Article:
Friday, 11 April 2008

Jupiter Jazz; Q&A with Nnenn

It's been a while since the last interview so here's a brand new one to sink your fangs into!

Tom: Well first of all thanks for your time Nnenn, we're glad to have you here at Masoko Tanga. Browsing through your creations one of the things that strikes me is that you're not afraid to experiment with colour schemes. I can see bright blues and oranges, lime greens and even some neon parts amongst many others. Do you have a way of picking a colour scheme? Just a random selection from parts lying around or a process much more complex?

Nnenn: My colour choices are a mixture of randomness and some level of expertise. I've taught enough college art courses to know that red/yellow/blue aren't the primary colors, browns/tans are mostly dark and pale oranges (so blue/teal compliments work well with them), colors are most intense at completely different values, etc. etc. But I'm also old enough to have seen color trends in fashion, design, art, or wherever, swing all over and come full circle; so there is a lot of subjectivity involved, it's really nothing more than current opinion. I always chuckle when I see someone comment about how 'those colors don't work.' So mostly, randomness can be effective... heck, rainbow schemes work if there is some intelligent hierarchy involved.

Tom: Are there any colours in the Lego parts-spectrum that you detest?

Nnenn: No colour, and few schemes, are detestable... so I don't mind rare Lego colours popping up, unless it's at the expense of something that could otherwise round-out a regular colour's part palette.

Tom: How much planning would you put into an average Moc? Do you rely on scribbled notebook sketches and L-Draw designs to test the waters or do you prefer to start out with just an idea in your head and a few bricks in your hand?

Nnenn: I almost never plan a model beforehand, though on rare occasions I'll do a 10-second sketch of something that pops into my head so I don't forget the basic shape. Mostly, I start with no more of an idea than 'large spaceship, fighter, mech, tank,' or whatever. Sometimes I just play with a few pieces to see if they can be arranged together into some fluid but dynamic form; I'm often surprised with the results (seriously)... I often think: 'wow, I couldn't have thought of that in a million years.' When teaching creativity, I usually stress working in the moment and letting go of preconceived notions; results that happen spontaneously are usually far more interesting that those that stem from careful plodding. However, notice most of my builds are not overly large... something that does, in fact, take a good deal of planning due to engineering considerations, time, parts, etc.

Tom: You've got a fair bit of theme-variety in your galleries but you're of course best known for your Space creations. Are there any themes that you've never built for that you'd like to experiment with in the future?

Nnenn: Although I enjoy the tangible process of connecting bricks at my whimsical discretion (read: playing with Lego), I am really fascinated with space themes in general. The combination of these interests seems ideal right now as I view both with limitless creative possibilities. But no, if I was restricted to building only themes like town, castle, steampunk, etc. I would probably sell my collection.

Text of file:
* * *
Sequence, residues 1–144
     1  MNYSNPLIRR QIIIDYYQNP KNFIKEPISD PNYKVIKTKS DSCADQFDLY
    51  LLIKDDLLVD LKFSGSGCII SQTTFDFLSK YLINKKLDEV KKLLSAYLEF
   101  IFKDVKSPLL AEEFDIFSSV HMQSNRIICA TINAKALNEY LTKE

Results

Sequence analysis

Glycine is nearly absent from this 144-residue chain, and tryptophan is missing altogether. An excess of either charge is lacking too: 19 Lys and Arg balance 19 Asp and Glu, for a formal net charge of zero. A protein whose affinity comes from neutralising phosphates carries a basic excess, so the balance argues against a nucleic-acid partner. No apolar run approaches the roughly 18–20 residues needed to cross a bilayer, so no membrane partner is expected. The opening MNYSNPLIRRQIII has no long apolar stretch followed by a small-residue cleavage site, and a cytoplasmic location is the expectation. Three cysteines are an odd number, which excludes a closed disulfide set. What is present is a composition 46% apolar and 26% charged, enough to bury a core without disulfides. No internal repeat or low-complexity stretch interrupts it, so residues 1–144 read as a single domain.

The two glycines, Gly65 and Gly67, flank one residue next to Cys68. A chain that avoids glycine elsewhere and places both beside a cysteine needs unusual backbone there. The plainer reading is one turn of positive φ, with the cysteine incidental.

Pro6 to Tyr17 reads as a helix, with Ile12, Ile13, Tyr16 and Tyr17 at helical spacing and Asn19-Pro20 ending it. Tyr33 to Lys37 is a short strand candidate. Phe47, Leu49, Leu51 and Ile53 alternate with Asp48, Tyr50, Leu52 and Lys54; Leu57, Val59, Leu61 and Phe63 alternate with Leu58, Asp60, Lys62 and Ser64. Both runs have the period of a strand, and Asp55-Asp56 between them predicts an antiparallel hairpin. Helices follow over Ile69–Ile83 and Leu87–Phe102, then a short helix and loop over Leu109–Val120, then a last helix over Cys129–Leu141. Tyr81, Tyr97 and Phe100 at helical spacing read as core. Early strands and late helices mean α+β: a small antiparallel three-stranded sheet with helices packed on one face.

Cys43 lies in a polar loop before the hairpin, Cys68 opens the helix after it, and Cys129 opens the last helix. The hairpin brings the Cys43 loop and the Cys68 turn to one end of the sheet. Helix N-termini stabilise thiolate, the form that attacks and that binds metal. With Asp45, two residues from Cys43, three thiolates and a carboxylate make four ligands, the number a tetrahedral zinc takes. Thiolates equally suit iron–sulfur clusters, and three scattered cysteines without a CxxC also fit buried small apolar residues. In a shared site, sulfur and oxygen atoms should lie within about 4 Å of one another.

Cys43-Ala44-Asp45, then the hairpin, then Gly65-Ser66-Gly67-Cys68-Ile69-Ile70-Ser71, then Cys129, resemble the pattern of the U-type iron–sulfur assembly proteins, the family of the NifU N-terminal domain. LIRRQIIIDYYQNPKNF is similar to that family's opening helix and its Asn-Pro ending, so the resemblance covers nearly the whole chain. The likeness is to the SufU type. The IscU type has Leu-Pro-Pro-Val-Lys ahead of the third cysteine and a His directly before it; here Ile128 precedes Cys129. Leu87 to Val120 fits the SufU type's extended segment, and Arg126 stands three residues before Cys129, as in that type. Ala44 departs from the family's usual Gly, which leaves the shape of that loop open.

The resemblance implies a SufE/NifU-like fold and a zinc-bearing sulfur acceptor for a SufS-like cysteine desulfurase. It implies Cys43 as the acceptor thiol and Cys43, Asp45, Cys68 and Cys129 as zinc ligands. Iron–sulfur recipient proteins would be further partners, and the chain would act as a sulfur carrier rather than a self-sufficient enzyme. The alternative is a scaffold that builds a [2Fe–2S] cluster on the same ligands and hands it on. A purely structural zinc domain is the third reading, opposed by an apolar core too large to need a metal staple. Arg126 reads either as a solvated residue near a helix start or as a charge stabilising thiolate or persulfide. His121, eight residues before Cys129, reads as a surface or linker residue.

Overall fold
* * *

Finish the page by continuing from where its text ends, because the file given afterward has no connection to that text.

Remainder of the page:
Tom: You mentioned ideas popping into your head, what builders inspire you?

Nnenn: Unusually perhaps, but the better builders don't really inspire me per-se, I note their technique and finish but their models are done well enough that my imagination sees little room for improvement. What gives me an immense amount of inspiration (and motivation) is seeing really poor, amateurish creations on Kids don't have the conventional constraints that adult minds feel necessary; hence, all the really wacky designs out there that we instinctively scoff at... but if George Lucas, for example, were to add some polish and fly it through the right setting, suddenly it's totally believable.

Tom: Now you've gained much notoriety for not being afraid to experiment with clone bricks and other Non Lego items. What's perhaps the strangest Non-Lego item you've ever incorporated into a Moc?

Nnenn: I've always felt that rubber bands are really odd things to include in creations: they're tactilely opposite of bricks. But actually, there hasn't been anything really too strange... that's yet to come. I plan on building a big wooden frame to hold a really large ship; it saves me from having to deal with substructure engineering, something which I could not care less about, and focus on the aesthetic design. Lego does this sort of thing all the time but I'm sure a few 'dedicated purists' will be snippy about it.

Tom: And lastly, out of all your creations do have a favorite and for what reason?

Nnenn: I'm notorious among those that know me for not having favorites... for anything. But I usually feel whatever I'm currently working on is the most amazing thing ever, then after a few days (and pictures) later I look at it and wonder what I could have possibly been thinking... so I start something new to compensate.

Many thanks to Nnenn for the great interview! Nnenn's work can be viewed at either Brickshelf or Flickr whatever your fancy.
Now be sure to join us at the same bat-place and same bat-time next week when I'll be back to the usual irrelevant ramblings and communist propaganda that you've grown to love/ resent.